The roots of my personal heritage literally go back to the Mayflower. I suppose I should be proud of that distinction, but as I have grown older the novelty has worn thin and my more informed understanding of history, thanks to enlightened friends and obscure media outlets, has left me less than comfortable with my ancestral privilege. I take less for granted now, and have even more respect for those who have succeeded despite the governmental, cultural, and social obstructionism they have faced. Recent executive orders and openly hostile segments of our U.S. population are making me question what we are so afraid of, and the answers I suspect are ironic and troubling.
When my forefathers arrived in North America there was no United States. The land was occupied by indigenous tribes which either embraced the European aliens or slaughtered them, depending on which accounts you read or have been exposed to. Back in my day, at least, little mention was made in the textbooks about the diseases the White Man exposed the natives to, and how those illnesses devastated indigenous populations. I suspect this fact is still omitted from school lessons in an effort to protect our heroic Caucasian reputation.
We certainly don't make a habit of discussing our legacy of Native American oppression, from confining entire "tribes" to bleak reservations, stealing their children and placing them into boarding schools where they were "re-educated" to conform to the standards of their new White masters. Somewhere between the noble savage and the sworn enemy of progress lies the truth between stereotypical extremes. We still excuse ourselves today, turning a blind eye to the routing of indigenous Nations from where we have already banished them if it blocks the path of a pipeline, or sits atop an oil or gas deposit. Progress today is measured in White profit only.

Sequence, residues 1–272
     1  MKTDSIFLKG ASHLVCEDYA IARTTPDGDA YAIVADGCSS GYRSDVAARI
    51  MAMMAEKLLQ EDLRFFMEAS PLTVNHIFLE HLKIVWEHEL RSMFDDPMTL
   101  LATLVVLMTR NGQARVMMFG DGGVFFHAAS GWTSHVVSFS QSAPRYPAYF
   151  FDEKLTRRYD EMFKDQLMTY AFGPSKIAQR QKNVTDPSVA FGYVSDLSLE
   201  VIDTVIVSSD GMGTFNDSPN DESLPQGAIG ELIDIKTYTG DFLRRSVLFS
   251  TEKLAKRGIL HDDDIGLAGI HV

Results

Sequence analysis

Dare I even get started on how we have treated Blacks? Equally shameful. Again, we have barely progressed in the realization of past mistakes, while continuing to invent new transgressions. Reparations? Between Native Americans and Blacks alone, our debt of guilt and shame dwarfs the National Debt by several orders of magnitude, as it should. By some miracle of forgiveness and faith, these "minorities" have refrained from violently overwhelming us. Instead, most have exhibited remarkable tolerance, and extended the hands and hearts of friendship and cooperation in all segments of our society.
So, I ask you, those who stand behind measures to ban refugees, build a wall to block those seeking a better life, and exile those who are already here because they are of different faiths or cultures, what are you so afraid of? I think I know. You fear that what we once did to the natives and other minorities will now be done to you, to us. How ironic and awful that our own shame and guilt have morphed into toxic "protectionism" and nationalism. Those are poorly-disguised versions of racism, and you know it. We persist in this framework at our collective peril. No one profits from this mindset and the behaviors that stem from it.
The only way I can overcome my personal angst and sorrow over the fire my forefathers started is to not remain oblivious, idle, or silent. I am not proud of the errors of the past, but I am proud to recognize them, and to not ignore the ongoing plight of those less fortunate, regardless of their ethnicity, origin, or religious beliefs. The societal privilege I enjoy is a sheer coincidence of skin color, gender, and genealogy. Yes, it comes with historical baggage, too, but I own it. How about you?